The key we set is called MsTechArticles. You can set a different key as you like. Usually in an organization environment, it will be usually the company name. In this same function, we are going to read the registry to restore the window state. But, now we will move to writing the registry.

Before we move on, go to the application property page (Right client project, chose property) and set the character set to Multibyte as shown below:

Why are we doing this? To avoid specifying the string literals like _T("MsTechArticles") as in the above piece of code. Once we specify the above property we can specify the string as you do in the VS 6.0.

4. Writing WINDOWPLACEMENT to registry
Search Tag: //Sample 02, //Sample 03, //Sample 04

Before start writing our task we should add a function that will get called when the application window is closed. To do that first we should provide the handler for the message WM_CLOSE. This message will be sent when the application window is closed. Below video shows how we add a handler for this message.

Video 1: Watch Here

1) First, we asked to write the toolbar state to the application registry. Remember we already specified our application key in the Sample 01 tag.

//Sample 02: Save the tool bar state to Registry
this->SaveBarState("TBAR STATE");

As MainFrame window already provides a function SaveBarState the job of saving the toolbar position and docking side become easy. But, to store the window position and state we need to write data registry ourselves.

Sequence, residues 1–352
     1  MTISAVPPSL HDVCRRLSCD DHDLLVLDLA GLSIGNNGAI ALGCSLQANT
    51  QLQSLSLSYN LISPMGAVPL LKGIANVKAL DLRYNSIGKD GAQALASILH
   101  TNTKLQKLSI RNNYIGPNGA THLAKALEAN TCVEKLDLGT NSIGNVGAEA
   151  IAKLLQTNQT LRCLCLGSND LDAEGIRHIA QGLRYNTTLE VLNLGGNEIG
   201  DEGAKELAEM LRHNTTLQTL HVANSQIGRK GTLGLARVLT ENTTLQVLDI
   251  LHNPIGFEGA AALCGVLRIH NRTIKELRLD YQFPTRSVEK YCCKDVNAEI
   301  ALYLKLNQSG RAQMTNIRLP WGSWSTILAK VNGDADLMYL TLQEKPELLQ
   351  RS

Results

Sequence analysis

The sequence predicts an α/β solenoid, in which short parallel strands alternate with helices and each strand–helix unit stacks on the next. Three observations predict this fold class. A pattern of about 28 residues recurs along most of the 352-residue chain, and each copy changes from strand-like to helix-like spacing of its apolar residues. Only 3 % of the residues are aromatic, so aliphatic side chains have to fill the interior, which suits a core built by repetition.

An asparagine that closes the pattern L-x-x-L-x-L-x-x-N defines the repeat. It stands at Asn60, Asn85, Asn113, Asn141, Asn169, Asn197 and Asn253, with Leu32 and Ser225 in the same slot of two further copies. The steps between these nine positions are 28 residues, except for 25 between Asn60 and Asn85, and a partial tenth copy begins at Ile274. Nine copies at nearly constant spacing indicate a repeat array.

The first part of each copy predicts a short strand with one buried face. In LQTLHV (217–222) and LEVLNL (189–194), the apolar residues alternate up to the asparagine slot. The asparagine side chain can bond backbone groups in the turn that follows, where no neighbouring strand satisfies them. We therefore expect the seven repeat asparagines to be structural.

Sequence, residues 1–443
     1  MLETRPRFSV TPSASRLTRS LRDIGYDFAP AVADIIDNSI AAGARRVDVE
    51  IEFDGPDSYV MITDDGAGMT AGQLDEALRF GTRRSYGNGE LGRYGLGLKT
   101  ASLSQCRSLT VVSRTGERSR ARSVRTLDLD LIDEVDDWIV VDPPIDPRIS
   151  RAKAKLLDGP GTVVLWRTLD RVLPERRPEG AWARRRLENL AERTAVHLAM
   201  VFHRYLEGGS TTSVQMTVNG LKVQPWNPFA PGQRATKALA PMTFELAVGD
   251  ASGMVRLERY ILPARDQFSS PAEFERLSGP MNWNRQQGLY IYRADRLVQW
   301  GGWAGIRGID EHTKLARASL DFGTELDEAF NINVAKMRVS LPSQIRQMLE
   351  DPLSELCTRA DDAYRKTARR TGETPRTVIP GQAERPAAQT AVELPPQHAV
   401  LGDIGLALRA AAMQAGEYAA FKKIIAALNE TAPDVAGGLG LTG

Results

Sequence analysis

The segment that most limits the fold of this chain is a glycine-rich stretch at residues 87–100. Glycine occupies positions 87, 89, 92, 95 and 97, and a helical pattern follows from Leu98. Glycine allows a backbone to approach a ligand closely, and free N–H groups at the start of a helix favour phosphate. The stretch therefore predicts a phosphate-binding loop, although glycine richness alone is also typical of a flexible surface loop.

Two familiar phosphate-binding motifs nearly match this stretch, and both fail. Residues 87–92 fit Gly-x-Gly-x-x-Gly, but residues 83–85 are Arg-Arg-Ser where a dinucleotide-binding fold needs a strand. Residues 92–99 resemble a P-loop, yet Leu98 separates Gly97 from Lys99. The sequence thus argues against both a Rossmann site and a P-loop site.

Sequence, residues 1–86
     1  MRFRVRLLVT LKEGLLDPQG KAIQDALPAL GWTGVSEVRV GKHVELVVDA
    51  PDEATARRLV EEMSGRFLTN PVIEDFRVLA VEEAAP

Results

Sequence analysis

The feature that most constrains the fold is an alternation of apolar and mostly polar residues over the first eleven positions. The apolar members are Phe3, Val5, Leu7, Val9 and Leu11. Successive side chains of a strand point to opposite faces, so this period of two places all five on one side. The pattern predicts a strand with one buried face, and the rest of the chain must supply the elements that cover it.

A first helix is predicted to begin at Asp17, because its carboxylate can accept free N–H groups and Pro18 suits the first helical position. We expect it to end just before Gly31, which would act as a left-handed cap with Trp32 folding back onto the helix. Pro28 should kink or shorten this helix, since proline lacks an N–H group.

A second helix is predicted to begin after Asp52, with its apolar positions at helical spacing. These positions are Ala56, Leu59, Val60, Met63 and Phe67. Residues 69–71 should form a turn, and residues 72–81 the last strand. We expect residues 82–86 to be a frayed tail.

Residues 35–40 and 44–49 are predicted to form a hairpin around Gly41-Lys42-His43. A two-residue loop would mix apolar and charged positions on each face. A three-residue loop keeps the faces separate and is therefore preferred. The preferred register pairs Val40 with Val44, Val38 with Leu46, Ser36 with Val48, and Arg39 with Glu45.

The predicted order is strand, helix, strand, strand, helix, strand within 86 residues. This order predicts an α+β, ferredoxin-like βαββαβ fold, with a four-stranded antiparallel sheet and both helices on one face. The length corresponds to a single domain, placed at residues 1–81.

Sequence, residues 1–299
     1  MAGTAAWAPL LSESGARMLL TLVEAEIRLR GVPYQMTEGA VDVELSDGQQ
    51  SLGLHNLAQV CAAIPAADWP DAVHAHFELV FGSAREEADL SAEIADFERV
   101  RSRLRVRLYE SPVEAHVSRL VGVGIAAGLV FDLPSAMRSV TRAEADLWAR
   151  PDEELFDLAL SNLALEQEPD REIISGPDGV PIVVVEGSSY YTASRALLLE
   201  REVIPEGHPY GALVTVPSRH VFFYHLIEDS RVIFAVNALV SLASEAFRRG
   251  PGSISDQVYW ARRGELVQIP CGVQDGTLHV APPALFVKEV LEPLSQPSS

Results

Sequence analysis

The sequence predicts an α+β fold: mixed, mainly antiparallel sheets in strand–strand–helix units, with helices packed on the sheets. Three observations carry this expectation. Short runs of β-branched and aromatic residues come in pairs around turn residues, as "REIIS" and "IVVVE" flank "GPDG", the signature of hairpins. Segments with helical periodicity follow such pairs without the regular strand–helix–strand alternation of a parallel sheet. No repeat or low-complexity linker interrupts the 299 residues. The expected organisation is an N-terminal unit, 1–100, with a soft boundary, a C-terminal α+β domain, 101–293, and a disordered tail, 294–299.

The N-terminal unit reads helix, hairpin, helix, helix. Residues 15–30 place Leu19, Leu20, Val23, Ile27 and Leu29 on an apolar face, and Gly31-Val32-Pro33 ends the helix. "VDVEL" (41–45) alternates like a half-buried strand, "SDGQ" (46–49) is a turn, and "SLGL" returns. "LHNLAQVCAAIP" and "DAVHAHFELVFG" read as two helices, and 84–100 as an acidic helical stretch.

2) OK. To write the data of window position and its size we need to open the registry key first. Now, we may come to a situation that the Key does not exist (For the first time) or it already exists (From Next time onwards). So what we do here is first try to open the specific key on a specific path. If it is not there, then create the one. The functions RegOpenKeyEx, RegCreateKeyEx are used to make the key ready before start writing the data.

//Sample 03: Open the Registry Key when Exists or Create the One
HKEY reg_key;
DWORD disposition;
if (RegOpenKeyEx( HKEY_CURRENT_USER, "Software\\MsTechArticles\\WindowPos",           0,         KEY_WRITE,       &reg_key   )!=        ERROR_SUCCESS )
RegCreateKeyEx( HKEY_CURRENT_USER, "Software\\MsTechArticles\\WindowPos",  0,"", REG_OPTION_NON_VOLATILE ,                                   KEY_ALL_ACCESS, NULL,  &reg_key,  &disposition);

In the above code first, we tried to open the Registry key Software\\MsTechArticles\\WindowPos under the root key HKEY_CURRENT_USER. If that key not available in the registry then we are creating the one. The first parameter is the Root key and next parameter (Second) specifies all the sub-keys. The option REG_OPTION_NON_VOLATILE specifies that we want to persist the information written between the login and logout of the system. Have look at the Picture below to have an understanding of the registry structure:

In the above piece of code, we are trying to open key till the subkey level only. We are not yet coming to the Value Key and Value like the one shown above.

3) We used functions to open, create the registry keys. Once the key is ready, we can place Value Key and actual value in the opened key. Have a look at the below code:

//Sample 04: Query the Window Position,size then store it in Registry
::RegSetValueEx(reg_key, "WinPos", 0, REG_BINARY, (BYTE *) &strucWP, sizeof(WINDOWPLACEMENT));